Carrol Daily Times Herald from Carroll, Iowa on September 23, 1959 · Page 5
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Carrol Daily Times Herald from Carroll, Iowa · Page 5

Carroll, Iowa
Issue Date:
Wednesday, September 23, 1959
Page 5
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Page 5 article text (OCR)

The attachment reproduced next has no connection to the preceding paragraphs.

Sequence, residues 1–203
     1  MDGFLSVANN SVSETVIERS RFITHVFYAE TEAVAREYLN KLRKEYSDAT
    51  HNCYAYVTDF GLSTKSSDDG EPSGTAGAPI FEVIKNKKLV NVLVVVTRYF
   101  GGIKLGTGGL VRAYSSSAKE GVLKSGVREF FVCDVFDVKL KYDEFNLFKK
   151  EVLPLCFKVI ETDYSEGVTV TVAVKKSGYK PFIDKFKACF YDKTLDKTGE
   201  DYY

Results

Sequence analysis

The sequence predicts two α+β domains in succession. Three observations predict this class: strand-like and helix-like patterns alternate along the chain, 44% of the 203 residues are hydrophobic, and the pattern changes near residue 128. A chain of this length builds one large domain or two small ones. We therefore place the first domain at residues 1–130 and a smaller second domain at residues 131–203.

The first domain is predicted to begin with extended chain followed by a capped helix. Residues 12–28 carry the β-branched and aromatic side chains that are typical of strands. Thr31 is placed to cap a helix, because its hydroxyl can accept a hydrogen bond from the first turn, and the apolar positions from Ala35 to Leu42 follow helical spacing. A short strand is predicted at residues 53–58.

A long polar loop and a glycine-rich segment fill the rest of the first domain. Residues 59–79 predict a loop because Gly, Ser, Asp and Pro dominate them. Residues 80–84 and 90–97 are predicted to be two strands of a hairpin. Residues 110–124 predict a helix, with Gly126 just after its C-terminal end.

> 19 Cases Assigned for Trial— Damages Totaling $177,26108 Asked in Suits Filed for New Court Term Damage suits totalling $177,261.08 have been assigned for trial in the September term of district court scheduled to start here at 10 a.m. Sept. 29, Alfred J. Klocke, clerk of court, reported Wednesday. Grand jurors will open the term one day earlier when they report before Judge F. II. Cooney, Carroll, at 1:30 p.m. Monday. Fifteen of the 19 cases assigned for trial involve either personal injury or property damage or both. The largest damage action involves a suit brought by Everett A. Salyer, Kansas City, Mo., against Floyd Hewlett, Sibley, for $50,329.22 in connection with a car accident on Oct. 19, 1957. The accident happened at a point about three miles south and one-half mile east of Templeton. That case is assigned for trial on Oct. 12. A suit asking $25,000, brought by Vincent Rii-ke, Carroll, against Norbert Hoffman, Carroll, is scheduled for trial Oct. 5. The suit was filed in connection with an auto accident June .10, 1957 about three miles east of Dedluim. Two of the damage suits run over the $21,000 figure. Charlene T. Stork, Carroll, asks $21,949.75 from Shirley M. Deeth, Scranton, in connection with jnjuries and damages sustained in a car a'cci dent July 11, 1958 about four and one-half miles east of here on Highway 30. Lavern Gutc, Carroll, asks $21,663.90 from Robert Hass, Manning, for personal injuries and property damage suffered in a car accident July 28, 1958. A $20,000 suit will be heard in connection with a claim filed by Ronald Mayer, Crawford County, against Roger Hagedorn, Crawford county, as a result of a car accident three-quarters of a mile south of here Feb. 28,. 1958. A $15,450 damage suit is scheduled for trial on Oct. 20 in a case filed by Mrs. Richard Luchlel, Carroll, against Dorothy V. Johnson, Carroll. The accident happened Dec. 26, 1957 at the intersection of Sixth and Main streets in Carroll. The next largest suit was for $10,000 brought by Guy Christian against Donald F. Dilg in connection with a car accident on Dec. 25. 1957 about three and one-half miles east on Highway 30. Other damage suits include two cases brought against Robert Terry, Carroll, in connection with a car accident in Carroll on Feb. 2fi, 1959. One was filed by Dale Heddinger and asks $4,500, and the paradise perfect. . . for the new fall silhouettes SNOOKIE Black or Brown Suede Black-Red-Blue or Briarwood Calf $13.95 & $14.95 ANDERSON £21 SHOES FOR THE WHOLE FAMILY other was filed by Chorlotte Hoff man and asks $500. William G. Davis, Glidden, will bring suit against the Chicago North Western railroad for $1,200 property damages received in a car-train wreck in Glidden Dec. 9, 1958. Elmer D. Wiese, Crawford County, is suing Peter G. Frank, Fort Dodge, for $567.86 in property damages in connection with a car accident June 3, 1955 about four miles west on Highway 30. Mary Schuler, Cass county, has 5 Times Herald, Carroll, la. Wednesday, Sept. 23, 1959 brought suit against Maurice Bell, Glidden, for $466.99 in property damages in connection with a tractor-car accident Oct. 2, 1950 about one and one-half miles east of Glidden on Highway 30. Chris N. Nissen has a $4,123.58 property damage suit against Highway Surfacers of New Hampton scheduled for trial Oct. 12. David Harris, Jefferson, has brought suit for $609.78 against William F. Strieker, Glidden and Francis W. Gregory, Glidden, in connection with property damage resulting from a car-steer accident July 17, 1958 about one mile east of Glidden on Highway 30. Marvin Hcide, Carroll, is suing Ray E. McCoy, Carroll, for $300 in property damages resulting from a car accident in Carroll June 6, 1958. One of the major actions scheduled for trial during the September term is an appeal from a condemnation proceeding. F. R. McCoy, Carroll, asks $40,000 judgment from the Iowa State Highway Commission in connection with condemnation of 2.59 acres of land adjoining Highway 30 near Glidden. The case is scheduled for trail Oct. 5. Irene M. Rettenmaicr, Denison, asks $16,464.01 in a case filed against Gerald J. Rettenmaicr, Carroll. The case is not slated for jury trial and will be assigned following the jury, Mr. Klocke said. James Pudcnz, Carroll, has Food and Nutrition By Mary Macomber Director, Nutrition Service for Iowa Department of Health Distributed by Th» Iowa Dally Press Association M. Macomber MISINFORMATION PREVALENT ABOUT BIOTIN Biotin is a vitamin. Sometimes it is called vitamin H. Biotin is a member of the vitamin B. complex. It is necessary •f?> for growth of plants and animals. There is a growing belief it is import a n t in the body's use of fat. Biotin is produced in healthy humans and animals by bacteria and molds in the intestine. It Is also to be found in all animal flesh, in most vegetables, and in the grain products we eat. Because of this wide distribution in food and because biotin is produced naturally in our intestines, there is little chance of a ! biotin deficiency developing by | dietary means. i Good sources of biotin are found in liver, whole eggs, nuts, including peanuts, dried beans and peas, milk, cereals, yeast and cocoa. Eggs, next to liver and peanuts, arc the best natural source of biotin. In some parts of Iowa, however, I find considerable misinformation and concern about getting enough biotin — a relatively little known I but important vitamin. A manager of a nursing home in Waterloo told us recently that she was not giving eggnogs to patients because she was "afraid of the loss of biotin." She was obviously bewildered about this. Where docs such misinformation come from? I have read several medical journals and have asked some experts in nutrition research to see if I could discover an answer. I think, perhaps, I have discovered a clue. Scientists for 50 years have noted that in animal experiments when raw egg white was used as the exclusive source of protein in the diet the animals developed symptoms. These symptoms were nervousness, dermatitis or infla WO\OLWORTH\S Come to Carroll for Western Iowa's Biggest Band Festival Saturday, Sept. 26 <J££ IOWA'S OWN SCOTTISH HIGHLANDERS SEE W00LWORTH ' S FOR "THRIFTY" PRICES Buy a Plastic Ketchup Dispenser At regular price 19c Get a 3f)c Plastic | _ Mustard Dispenser "C COMBINATION SALE both for J^^Q Buy Beauty Maid Bobby Pins At regular *\ C — price 60-pin card «*C Get another Card lC COMBINATION 0\ M SALE 2 for Buy Swiss Embroidered Handkerchiefs At regular Q 1 ftft price [or ••WW Get a 4th 33c 1- COMBINATION *| f\m SALE .4 for | ^ | Garment Bags Big l;ixl>Ox54 size. Holds 16 suits, dresses. Durable, moisture-proof, mildew-proof. 98c value. 77c SHOE BAG Matching vinyl shoe bag to go with garment bag. Holds 6 paivs of shoes. 67c PANTIES Band leg, brief style. Sizes 5, 6, 7, 8. 35c value. 4 Pair 88c Be a True Scotchman - Be Thrifty - Save at Woolworth's DUTCH TULIPS NAMED VARIETIES OF THE MOST POPULAR DARWIHjrUUPS LAJt&i SIZE BUUS GUARANTEED TO BLOOM OR YOUR MONEY REFUNDED BULBS | malion of the skin and loss of hair. | When the egg white was cooked, | the symptoms did not appear. And when other sources of protein I such as milk, yeast, liver or egg ! yolk were included in the expevi- i mental diets, the symptoms did not appear. ! Later it was discovered that in ' cun white there is an antivitamin | called a\ idin The avidin cancels out some of the effectiveness of the biotin. The vitamin biotin is i contained in the c^g yolk, j 1 believe the misinformation I arises when one reads about such I experiments and concludes that I everyone should steer cleat of |CRjis. It is a. very Rood example of the old adage "a little knowledge is a dangerous thing." It is important for you to remember one thing. When symptoms of "egg white injury" occur it is when raw egg white is the only source of protein in the diet or when egg white furnishes a considerable per cent of total calorics in the clay's diet. This seldom, if ever, happens with the common everyday diet we all try to eat — a nice mixture of cereals, fruit and vegetables, meat and eggs and milk. When a person goes on a toot ol eating a diet of raw eggs in wine, there are lots of things in addition to egg while injury to worry about, I suspect! In one egg per day, which is recommended for children because it is an excellent source of quality protein, iron and vitamin A. the egg white would furnish .6 of one per cent of say 2,500 calories. brought suit against the Ford Mo tor Company for $236.83 for alleged defects in the manufacture of a motor car. The case is scheduled for jury trial Oct. 20. Ten of the cases assigned to the September term involve accounts. They include: Paul Broich, Carroll against Leonard Spaen, Carroll, $127.22; Hcilichcr Brothers against Holley Music Store, Carroll, $205.06; Wcst- inghousc Electric Supply Co. against Robert R. Crotts, Carroll, $929 .01; U. O. Colson Company against Norman Crohn, Carroll, $124.75; Leo Schmitz, Arcadia, against Ward Fisher, Glidden, $689.90; B. D. Fcnchel, Manning against J. C. Edgerton, Manning, $499; Leo Brinkman, Carroll against William Waller, Arcadia, $1,195 .87: Western Outdoor Advertising Company, Omaha, Nebr., against Mabel Brown Winther, Carroll, $735; ,lamcs M. Houlihan, Carroll against George W. Bcr- scheid, Carroll, $83.58; and Marcus Rettenmaicr against Mary Johnson, Breda, $186 .81. Three other cases complete the docket. They involve a juvenile action and a divorce action, not tri­ able to the court, and a claim by Theodore R. Jannlng against the estate of Elizabeth Quay for compensation. ffc\ DELICIOUS WHITE BEANS n HAM AT YOUR GROCERS INDIANA HOUSEWIFE ENDS IRREGULARITY There's a Bnfe way to overcome constipation caused by lnck of food bulk. Mrs. Orville Wilson, Tcrre Haute, Ind., writes: "/ was troubled with irregularity for years. One tveek nno I started cat' i/iM Kellogg's All-liran and now it is a must. It has helped me discontinue pills of any sort." When your diet doesn't fiup- ply the bulk your system needs, the pleasant way to get it ia with Kellogg's All-Bran. This whole bran cereal can provide all the good food bulk required for safe, natural regularity. A daily half- cup with milk keeps millions on schedule. Try Kellogpr's AJl-Bran for 10 days—lot it help you, too. ALL-BRAN *3! r ->Z"n,y?y "^"fi, 7 YOUR BEST VALUES in family food favorites! HEINZ SUNSHINE CRACKERS Chicken Noodle Vegetable-Beef Beef Noodle Mushroom Reg. Can Baked Especially For Fareway QUAKER OATMEAL CHARMIN flfl 4^ TOILET TISSUE I? 89 CLAIR-PAK BLACK RASPBERRIES 189 ROYAL GELATIN Assorted Flavors Box STRAWBERRY PRESERVES Ma Brown ,2Ja ? 25c IT'S NEW Kellogg's OK's Box AJl BR-R-Away Oat Cereal FAB 4 $1.00 Broken End |^_s ED 73c 5 B - - - m DECKER'S 0 CANNED 5 1 4% Lb. Can 198 PORK CHOPS LEAN LOIN END _. 39c ^^UlllC COUNTRY DRESSED STEWING Vrfl ••WslVfcli^*# 4 to 4':» POUND AVERAGE 39c SPICED LUNCHEON ™ T ... »39c AMERICAN riJCCCC FULL CREAM VlTCEdC FINE FLAVORED CHEDDAR u. 39c GROUND BEEF For Meat Loaf or Patties To Fry Lbs. FOLGER'S PINEAPPLE-GRAPEFRUIT 1 11 c C V Kraft—French or Miracle French DRESSINGS COFFEE Drip or Regular DRINK 1 Cal-Fame I JlrrT Biscuit Mix Kraft—French or Miracle French DRESSINGS 2 LtI . s 129 4 tT 98c 1 29c *Z 23c Prices Good from Wednesday to Saturday Night, Sept. 26 WE RESERVE THE RIGHT TO LIMIT QUANTITIES